“I been hacked. All my apes gone” - the desperate cry heard ‘round the twitter, inspiring its own canonization into the meme hall of fame. Crypto infrastructure is still in its 1980’s Unix stage of life, where one wrong click can “rm -rf” your entire portfolio. Transaction simulation is primitive at best, so nontechnical wallet users can feel helpless when executing transactions. It’s scary to interact with airdrop promises, not knowing whether that tantalizing “Claim” button will (1) give you free money or (2) rug and steal your prized NFTs. For the average crypto user, it’s metaverse russian roulette.
So what can users do? There’s great advice in this punk6529 thread to move down the spectrum of hot software wallets -> hot hardware wallets -> cold hardware wallets -> multisigs. This is good advice if you own an XCOPY or Fidenza that’s unlikely to require interaction. But what happens when you stick your bored ape into your cold hardware wallet and then Yuga says, “fuck it, mutants saturday”? How do you claim your ApeCoin? How do you get a ticket into ApeFest? How do you prove wallet ownership to access that private Discord channel? Each of these require using your so-called cold wallet to interact, turning it back into a hot wallet.
That’s why we built delegate.cash, a fully immutable onchain registry contract that lets users specify hotwallet “delegates” to act on behalf of coldwallet “vaults”. It’s live today on Ethereum+Polygon+Goerli, with other chains available on request. The finalized contract is deployed & verified at 0x00000000000076A84feF008CDAbe6409d2FE638B for all deployments. This is a global singleton deployment, all integrations will simply query the existing delegation registry rather than needing to deploy their own. Both the smart contract repo and delegation frontend repo are open-source.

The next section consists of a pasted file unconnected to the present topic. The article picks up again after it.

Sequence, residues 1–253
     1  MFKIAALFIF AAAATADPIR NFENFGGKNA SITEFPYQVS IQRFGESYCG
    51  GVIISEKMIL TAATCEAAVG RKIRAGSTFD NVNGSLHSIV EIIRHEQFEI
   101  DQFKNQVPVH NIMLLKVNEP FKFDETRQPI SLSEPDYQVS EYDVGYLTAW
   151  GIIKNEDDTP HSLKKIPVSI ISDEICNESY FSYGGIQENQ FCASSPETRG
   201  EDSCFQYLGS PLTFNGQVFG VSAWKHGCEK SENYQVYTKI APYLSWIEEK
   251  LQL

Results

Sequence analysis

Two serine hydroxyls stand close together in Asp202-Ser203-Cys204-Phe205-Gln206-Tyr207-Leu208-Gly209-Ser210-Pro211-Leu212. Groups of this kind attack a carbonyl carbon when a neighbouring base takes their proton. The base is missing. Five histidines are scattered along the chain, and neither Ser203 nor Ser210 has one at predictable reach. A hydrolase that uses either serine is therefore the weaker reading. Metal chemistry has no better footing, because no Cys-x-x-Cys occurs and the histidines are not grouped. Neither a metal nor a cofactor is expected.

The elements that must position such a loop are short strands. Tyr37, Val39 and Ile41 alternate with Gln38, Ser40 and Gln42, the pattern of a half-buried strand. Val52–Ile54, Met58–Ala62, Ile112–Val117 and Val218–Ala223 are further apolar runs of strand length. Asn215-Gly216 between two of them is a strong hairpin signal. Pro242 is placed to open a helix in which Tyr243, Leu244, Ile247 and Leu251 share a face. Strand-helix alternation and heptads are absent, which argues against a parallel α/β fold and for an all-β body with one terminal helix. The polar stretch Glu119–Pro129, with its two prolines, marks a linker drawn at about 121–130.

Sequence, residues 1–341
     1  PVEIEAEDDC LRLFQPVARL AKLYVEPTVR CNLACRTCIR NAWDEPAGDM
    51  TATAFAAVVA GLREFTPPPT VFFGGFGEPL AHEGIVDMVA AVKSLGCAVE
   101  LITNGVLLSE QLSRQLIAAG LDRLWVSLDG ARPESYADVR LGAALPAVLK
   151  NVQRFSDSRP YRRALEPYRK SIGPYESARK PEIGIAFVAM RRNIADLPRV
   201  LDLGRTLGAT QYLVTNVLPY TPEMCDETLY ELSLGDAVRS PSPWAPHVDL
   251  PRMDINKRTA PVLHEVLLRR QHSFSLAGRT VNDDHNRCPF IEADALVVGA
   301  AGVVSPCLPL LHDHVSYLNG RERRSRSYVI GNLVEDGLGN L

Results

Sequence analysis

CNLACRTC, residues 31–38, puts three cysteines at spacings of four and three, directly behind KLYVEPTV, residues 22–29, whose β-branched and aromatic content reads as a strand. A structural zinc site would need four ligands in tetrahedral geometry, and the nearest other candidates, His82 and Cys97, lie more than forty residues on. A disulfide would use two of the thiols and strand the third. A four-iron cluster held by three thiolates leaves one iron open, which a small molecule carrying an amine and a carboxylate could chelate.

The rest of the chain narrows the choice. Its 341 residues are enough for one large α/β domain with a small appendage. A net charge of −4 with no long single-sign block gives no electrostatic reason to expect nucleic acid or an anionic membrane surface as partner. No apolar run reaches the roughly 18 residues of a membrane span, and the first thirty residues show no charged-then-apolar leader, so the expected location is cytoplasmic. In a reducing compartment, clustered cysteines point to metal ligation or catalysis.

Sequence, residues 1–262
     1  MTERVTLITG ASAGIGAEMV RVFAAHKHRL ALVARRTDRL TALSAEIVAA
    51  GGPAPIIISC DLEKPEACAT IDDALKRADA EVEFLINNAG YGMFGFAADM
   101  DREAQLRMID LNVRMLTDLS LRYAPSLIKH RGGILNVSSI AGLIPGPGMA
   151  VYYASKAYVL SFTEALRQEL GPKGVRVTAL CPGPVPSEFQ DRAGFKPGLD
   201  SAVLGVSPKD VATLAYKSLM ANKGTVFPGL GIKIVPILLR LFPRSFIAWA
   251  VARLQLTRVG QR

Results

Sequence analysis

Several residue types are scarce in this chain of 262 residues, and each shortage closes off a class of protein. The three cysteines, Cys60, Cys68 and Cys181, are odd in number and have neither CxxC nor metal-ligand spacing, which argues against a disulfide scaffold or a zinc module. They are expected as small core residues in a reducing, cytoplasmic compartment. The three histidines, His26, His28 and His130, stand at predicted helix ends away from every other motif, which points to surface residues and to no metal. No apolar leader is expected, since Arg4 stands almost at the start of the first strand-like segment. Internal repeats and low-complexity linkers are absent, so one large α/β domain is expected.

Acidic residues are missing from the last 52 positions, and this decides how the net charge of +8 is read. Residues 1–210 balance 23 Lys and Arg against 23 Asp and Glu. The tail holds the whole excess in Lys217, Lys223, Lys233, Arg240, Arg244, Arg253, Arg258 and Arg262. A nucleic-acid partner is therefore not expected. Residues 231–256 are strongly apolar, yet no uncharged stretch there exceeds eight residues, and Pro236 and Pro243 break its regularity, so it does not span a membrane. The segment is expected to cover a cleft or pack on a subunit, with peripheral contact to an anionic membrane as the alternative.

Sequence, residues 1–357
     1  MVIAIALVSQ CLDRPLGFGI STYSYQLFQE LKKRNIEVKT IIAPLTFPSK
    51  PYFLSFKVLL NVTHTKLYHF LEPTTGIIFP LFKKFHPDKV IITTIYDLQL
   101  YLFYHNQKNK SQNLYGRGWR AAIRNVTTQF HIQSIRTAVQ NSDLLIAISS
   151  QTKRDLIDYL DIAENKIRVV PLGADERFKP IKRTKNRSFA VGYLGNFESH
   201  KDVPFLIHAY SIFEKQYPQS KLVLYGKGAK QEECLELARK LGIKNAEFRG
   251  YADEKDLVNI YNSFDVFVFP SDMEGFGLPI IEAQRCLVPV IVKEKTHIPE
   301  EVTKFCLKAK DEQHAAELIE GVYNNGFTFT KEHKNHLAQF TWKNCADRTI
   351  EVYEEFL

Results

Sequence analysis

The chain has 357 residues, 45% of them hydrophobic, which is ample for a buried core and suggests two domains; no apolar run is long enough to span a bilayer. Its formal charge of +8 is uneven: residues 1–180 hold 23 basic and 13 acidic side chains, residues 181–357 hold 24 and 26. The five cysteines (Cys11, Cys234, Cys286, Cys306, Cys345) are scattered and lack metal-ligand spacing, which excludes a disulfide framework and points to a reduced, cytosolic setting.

How does it work for NFT holders?
You’ll use https://delegate.cash to assign a hotwallet delegate for your coldwallet vault. The delegate has permission to claim airdrops or other utility on behalf of the vault, but it cannot touch anything within the vault. We’ve built a granular permissions system, so you can either assign a delegate for either (1) everything; (2) a specific contract; (3) a specific token. I expect most users will be interested in delegating everything, but you could also delegate one hotwallet to handle your bored apes claims and another wallet to handle your digidaigaku claims for further separation of powers.
How does it work for NFT devs?
When you’re writing your NFT smart contract, you’ll want to query the DelegationRegistry contract to see if a specific user has permissions to act on behalf of a specific token.